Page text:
JD.com, the second largest eCommerce company in China — second only to Alibaba — railed against the U.S. on Wednesday (Jan.24), arguing the stance of protectionism the government has embraced under Donald Trump will ultimately backfire.
According to news from Reuters, JD.com Chairman and Chief Executive Richard Liu stated at the World Economic Forum, currently being held in Davos-Klosters, Switzerland, that: “Many friends from other countries discuss protectionism in China, but I think things have completely reversed. One day it will hurt the U.S. economy too.”
The comments come in the wake of a decision by the U.S. government to place large tariffs on washing machines and solar panels entering the country. President Donald Trump said the import tariffs are designed to preserve U.S. jobs but prompted expressions of unhappiness on the part of China and South Korea. The U.S. government also recently rejected China’s Ant Financial acquisition proposal for MoneyGram International, a U.S. company, claiming national security concerns.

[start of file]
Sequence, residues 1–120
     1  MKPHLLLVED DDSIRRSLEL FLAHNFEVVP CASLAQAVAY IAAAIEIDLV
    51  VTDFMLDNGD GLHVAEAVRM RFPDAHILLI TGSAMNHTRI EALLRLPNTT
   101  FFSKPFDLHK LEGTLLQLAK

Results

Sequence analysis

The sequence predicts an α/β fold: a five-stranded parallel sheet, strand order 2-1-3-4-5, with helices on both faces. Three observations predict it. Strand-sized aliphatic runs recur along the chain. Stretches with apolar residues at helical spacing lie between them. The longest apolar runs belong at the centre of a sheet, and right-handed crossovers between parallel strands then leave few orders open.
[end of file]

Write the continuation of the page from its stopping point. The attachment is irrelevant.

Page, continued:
Liu said during the World Economic Forum that while JD.com wants to become the leader over Alibaba domestically and outside China, making a push into the U.S. has become increasingly difficult. JD.com is focusing for now on the Southeast Asian market and will look to grow partly via acquisitions.
“It’s hard to use only one model. In Southeast Asia, we look for local partners to develop business, but we don’t want to exclude acquisitions,” Liu said, according to Reuters.
While Alibaba is viewed as a rival, JD.com has done business with Tencent, the Chinese internet company. In late December of 2017, JD.com took part in an investment round in Vishop, an apparel platform in China. Tencent led the $863 million round of fundraising, with JD.com investing $259 million for a 5.5 percent stake.